Search Contact
University of Cambridge Home Chemistry Department Home Professor Ray Freeman
University of Cambridge >  Department of Chemistry >  Academic Staff >  Ray Freeman

Professor Ray Freeman

Jesus College

Telephone: 01223 336450

Professor Ray Freeman is now formally retired but continues work on high-resolution NMR spectroscopy in his "spare time". He has just written a textbook entitled "Magnetic Resonance in Chemistry and Medicine" (Oxford University Press). This draws together the two main applications of magnetic resonance in simple, non-mathematical language suitable for students, chemistry graduates, medical doctors, healthcare professionals, and even actual patients about to undergo an MRI scan. His previous books were "A Handbook of Nuclear Magnetic Resonance" Second edition, Pearson, 1997, and "Spin Choreography" Oxford University Press, 1997.

His latest research projects (with Dr Eriks Kupce) are aimed at speeding up multidimensional NMR spectra, a goal of particular importance to protein chemists who sometimes spend days acquiring data for a single investigation. One approach uses prior information from one-dimensional spectra to set up an array of selective radiofrequency pulses tuned to irradiate the key chemical sites. By using a Hadamard encoding scheme this multiple-irradiation method achieves the same multiplex advantage as conventional Fourier transform NMR. For biomolecules uniformly enriched in carbon-13 or nitrogen-15, this freedom to focus on particular sites not only speeds the measurement but also offers the equivalent of specific isotopic enrichment. Figure (B) illustrates the simplification of the three-dimensional HNCO spectrum of agitoxin (a 4 kDa protein) with a speed advantage of 200 compared with the conventional method (A).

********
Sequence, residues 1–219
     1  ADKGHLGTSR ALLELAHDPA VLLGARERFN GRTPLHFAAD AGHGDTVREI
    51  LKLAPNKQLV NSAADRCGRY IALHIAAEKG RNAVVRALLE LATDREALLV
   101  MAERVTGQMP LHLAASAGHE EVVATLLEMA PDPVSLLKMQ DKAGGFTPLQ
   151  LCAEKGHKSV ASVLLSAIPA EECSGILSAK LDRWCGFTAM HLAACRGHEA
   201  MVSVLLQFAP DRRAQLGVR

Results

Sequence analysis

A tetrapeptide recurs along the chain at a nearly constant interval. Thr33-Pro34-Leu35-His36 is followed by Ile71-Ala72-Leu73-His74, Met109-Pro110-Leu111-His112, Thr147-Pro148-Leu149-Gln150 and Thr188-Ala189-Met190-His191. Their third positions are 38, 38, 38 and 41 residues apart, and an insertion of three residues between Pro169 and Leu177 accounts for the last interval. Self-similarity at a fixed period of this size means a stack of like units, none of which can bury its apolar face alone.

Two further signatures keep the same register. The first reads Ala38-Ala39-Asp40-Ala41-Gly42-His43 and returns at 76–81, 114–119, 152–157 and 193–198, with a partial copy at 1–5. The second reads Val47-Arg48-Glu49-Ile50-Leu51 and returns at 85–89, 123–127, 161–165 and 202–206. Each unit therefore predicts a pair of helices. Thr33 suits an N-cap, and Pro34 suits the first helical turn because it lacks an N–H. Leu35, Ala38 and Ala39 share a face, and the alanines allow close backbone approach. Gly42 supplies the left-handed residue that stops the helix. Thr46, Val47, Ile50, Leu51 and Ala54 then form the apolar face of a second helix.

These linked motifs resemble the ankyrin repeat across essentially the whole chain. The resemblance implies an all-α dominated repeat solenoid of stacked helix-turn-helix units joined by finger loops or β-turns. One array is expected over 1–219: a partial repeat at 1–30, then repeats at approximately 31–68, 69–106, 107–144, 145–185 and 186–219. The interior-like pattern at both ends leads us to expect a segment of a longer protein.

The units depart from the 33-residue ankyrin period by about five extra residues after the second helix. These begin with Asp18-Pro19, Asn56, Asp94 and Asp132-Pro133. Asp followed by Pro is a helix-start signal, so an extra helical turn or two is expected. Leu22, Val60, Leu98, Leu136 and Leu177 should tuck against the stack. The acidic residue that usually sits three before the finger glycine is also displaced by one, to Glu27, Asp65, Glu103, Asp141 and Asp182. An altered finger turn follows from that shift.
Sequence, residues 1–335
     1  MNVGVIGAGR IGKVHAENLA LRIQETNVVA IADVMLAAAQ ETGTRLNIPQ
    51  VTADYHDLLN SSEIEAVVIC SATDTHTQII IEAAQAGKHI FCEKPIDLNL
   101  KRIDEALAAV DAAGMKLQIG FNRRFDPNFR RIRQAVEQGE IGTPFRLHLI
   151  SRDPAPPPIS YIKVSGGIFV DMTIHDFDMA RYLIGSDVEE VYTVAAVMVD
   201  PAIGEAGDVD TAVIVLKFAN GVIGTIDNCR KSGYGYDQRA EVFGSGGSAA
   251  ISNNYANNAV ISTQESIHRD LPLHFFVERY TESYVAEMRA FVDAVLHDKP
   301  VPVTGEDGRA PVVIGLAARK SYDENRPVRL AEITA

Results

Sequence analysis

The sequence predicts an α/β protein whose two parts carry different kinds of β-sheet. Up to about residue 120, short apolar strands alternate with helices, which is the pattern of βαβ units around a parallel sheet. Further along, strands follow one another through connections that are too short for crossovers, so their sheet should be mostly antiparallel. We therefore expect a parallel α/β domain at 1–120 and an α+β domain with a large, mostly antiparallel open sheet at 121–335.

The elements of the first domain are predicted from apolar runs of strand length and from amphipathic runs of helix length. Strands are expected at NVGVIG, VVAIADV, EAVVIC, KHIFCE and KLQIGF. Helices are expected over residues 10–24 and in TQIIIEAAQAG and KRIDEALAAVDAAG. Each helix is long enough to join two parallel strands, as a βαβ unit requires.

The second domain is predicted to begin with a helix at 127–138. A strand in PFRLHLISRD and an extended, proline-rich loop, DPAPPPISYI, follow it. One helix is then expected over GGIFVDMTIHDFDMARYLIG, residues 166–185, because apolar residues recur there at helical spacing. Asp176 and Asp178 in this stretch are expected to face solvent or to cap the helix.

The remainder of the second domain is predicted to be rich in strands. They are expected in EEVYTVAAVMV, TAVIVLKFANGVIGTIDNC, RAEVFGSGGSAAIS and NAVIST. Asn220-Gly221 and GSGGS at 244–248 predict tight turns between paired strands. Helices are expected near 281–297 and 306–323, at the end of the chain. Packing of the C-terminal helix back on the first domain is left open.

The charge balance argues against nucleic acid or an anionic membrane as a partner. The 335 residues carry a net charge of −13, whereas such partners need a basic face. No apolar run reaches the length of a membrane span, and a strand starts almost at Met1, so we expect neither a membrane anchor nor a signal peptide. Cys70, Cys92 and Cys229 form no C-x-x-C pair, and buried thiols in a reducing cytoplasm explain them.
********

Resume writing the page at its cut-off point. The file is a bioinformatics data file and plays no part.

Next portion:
multidimensional NMR spectra

The second approach restricts data acquisition to a small number of plane projections of the multidimensional spectrum recorded at different inclinations. These projections are then used to reconstruct the full spectrum by means of deterministic or statistical algorithms similar to those employed in X-ray tomography to derive a three-dimensional image of a patient. Both the Hadamard method and projection-reconstruction can increase the speed of measurement by orders of magnitude, opening the door to even higher-dimensional spectra and investigations of time-dependent phenomena.

Kupce, Nishida and Freeman, Progress in NMR Spectroscopy, vol. 42, pp 95-122 (2003).

Kupce and Freeman, J. Am. Chem. Soc. vol.126, pp 6429-6440 (2004).

Freeman and Kupce, Current Analytical Chemistry, vol. 2. pp 101-105 (2006).